All of your teeth play an important role in speaking, chewing, and maintaining proper alignment of other teeth. Tooth loss doesn’t necessarily have to occur as you age. But if you do lose teeth, they must be replaced to maintain proper function of your mouth. Fortunately, there are options for correcting tooth loss.
Types of Dental Bridges
If you’re missing one or more teeth, you may be aware of their importance to your appearance and dental health. Your teeth work together for many daily functions from eating to speaking. With missing teeth, it’s difficult to do these things. Missing teeth can and should be replaced. Fixed bridges are a great way to restore your dental health and appearance.
A dental bridge — a device used to replace missing teeth — attaches artificial teeth to adjacent natural teeth, called abutment teeth. Bridges are either permanently attached (fixed bridges) or they can be removable.
- A fixed dental bridge is applied by either placing crowns on the abutment teeth or by bonding the artificial teeth directly to the abutment teeth. They are permanently secured and can only be removed by a dentist like Dr. Khanna.
- Removable bridges are attached to the teeth with metal clasps or by precision attachments. As the name indicates, they can easily be removed by the patient.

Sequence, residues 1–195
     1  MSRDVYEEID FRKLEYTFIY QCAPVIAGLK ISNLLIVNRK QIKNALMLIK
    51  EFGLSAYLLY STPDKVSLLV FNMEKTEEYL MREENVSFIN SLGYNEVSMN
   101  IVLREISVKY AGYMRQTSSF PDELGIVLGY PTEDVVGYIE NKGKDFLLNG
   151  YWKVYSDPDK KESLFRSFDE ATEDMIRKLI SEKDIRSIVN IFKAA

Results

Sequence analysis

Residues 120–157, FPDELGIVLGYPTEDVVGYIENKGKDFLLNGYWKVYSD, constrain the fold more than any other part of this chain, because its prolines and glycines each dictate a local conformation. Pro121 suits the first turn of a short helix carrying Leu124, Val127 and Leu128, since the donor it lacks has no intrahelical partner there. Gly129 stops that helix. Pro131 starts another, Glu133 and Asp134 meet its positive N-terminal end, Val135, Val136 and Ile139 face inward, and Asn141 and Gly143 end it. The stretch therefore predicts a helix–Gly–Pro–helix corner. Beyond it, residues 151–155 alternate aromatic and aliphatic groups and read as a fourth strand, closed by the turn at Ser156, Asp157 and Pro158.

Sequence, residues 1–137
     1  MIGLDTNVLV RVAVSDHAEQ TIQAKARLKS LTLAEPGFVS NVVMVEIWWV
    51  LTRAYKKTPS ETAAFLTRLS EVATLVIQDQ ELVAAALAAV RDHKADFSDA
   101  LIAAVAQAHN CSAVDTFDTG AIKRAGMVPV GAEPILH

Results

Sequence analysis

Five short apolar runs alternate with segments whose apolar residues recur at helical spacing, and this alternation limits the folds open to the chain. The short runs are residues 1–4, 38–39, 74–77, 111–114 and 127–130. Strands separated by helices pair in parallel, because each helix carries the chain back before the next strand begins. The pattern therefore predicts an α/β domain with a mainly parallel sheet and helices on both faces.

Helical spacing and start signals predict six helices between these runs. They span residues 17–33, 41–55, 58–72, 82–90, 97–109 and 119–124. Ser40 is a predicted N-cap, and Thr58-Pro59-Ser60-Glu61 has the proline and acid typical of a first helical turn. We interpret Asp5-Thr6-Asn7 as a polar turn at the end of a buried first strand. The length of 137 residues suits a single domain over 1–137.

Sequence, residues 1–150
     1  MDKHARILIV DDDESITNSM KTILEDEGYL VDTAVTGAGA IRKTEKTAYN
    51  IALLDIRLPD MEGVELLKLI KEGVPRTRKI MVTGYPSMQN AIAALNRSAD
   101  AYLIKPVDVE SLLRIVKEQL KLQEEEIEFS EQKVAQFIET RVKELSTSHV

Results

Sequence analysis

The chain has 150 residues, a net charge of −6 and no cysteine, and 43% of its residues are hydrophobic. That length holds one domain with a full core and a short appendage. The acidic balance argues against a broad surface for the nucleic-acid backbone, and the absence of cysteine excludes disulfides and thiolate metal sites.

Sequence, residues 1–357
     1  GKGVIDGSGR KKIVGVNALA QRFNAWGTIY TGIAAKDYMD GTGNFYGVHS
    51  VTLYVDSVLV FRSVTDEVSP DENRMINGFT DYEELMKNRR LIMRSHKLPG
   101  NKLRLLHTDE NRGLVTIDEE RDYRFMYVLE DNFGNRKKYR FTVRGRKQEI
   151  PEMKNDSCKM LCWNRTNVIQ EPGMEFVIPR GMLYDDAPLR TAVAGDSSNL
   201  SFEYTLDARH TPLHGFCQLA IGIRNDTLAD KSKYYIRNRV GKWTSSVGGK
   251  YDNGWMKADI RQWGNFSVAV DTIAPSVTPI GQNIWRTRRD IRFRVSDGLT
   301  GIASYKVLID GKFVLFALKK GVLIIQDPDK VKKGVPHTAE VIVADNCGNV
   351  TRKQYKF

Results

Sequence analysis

Why Do I Need A Dental Bridge?
Missing teeth make it difficult to chew, speak and smile. A dental bridge can restore proper function and aesthetics to the smile. Additionally, missing teeth can contribute to a wide range of dental health problems such as tooth decay, gum disease, bone loss and TMJ related problems. A dental bridge will fill the space between teeth, promoting better oral health.
About the Dental Bridge Procedure
There are usually two or three visits associated with a dental bridge restoration. At the first appointment, Dr. Khanna will prepare the teeth on either side of the gap by removing a portion of the enamel and dentin. Since the bridge must be fabricated very precisely to ensure correct bite and to match the opposing tooth, impressions of the teeth are taken and sent to the lab where the bridge will be constructed.
Fixed bridges are typically cemented to the natural teeth next to the space left by the missing tooth. A pontic (false tooth) replaces the lost tooth. Crowns, which are cemented onto the natural teeth, provide support for the bridge.
How Do I Take Care Of My Bridge?
A strict regimen of brushing and flossing will keep the bridge and surrounding teeth clean. This is of critical importance since the bridge relies on the neighboring teeth for support.